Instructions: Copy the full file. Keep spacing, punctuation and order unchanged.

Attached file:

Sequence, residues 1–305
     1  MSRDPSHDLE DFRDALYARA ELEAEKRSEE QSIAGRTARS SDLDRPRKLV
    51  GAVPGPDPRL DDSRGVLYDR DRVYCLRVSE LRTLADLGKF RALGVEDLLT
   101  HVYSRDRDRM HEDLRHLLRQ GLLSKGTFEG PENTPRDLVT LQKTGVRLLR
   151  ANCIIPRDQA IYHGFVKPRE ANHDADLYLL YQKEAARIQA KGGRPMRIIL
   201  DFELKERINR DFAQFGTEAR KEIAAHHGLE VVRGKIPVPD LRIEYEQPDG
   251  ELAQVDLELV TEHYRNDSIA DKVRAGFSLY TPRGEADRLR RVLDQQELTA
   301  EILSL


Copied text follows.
Sequence, residues 1–305
     1  MSRDPSHDLE DFRDALYARA ELEAEKRSEE QSIAGRTARS SDLDRPRKLV
    51  GAVPGPDPRL DDSRGVLYDR DRVYCLRVSE LRTLADLGKF RALGVEDLLT
   101  HVYSRDRDRM HEDLRHLLRQ GLLSKGTFEG PENTPRDLVT LQKTGVRLLR
   151  ANCIIPRDQA IYHGFVKPRE ANHDADLYLL YQKEAARIQA KGGRPMRIIL
   201  DFELKERINR DFAQFGTEAR KEIAAHHGLE VVRGKIPVPD LRIEYEQPDG
   251  ELAQVDLELV TEHYRNDSIA DKVRAGFSLY TPRGEADRLR RVLDQQELTA
   301  EILSL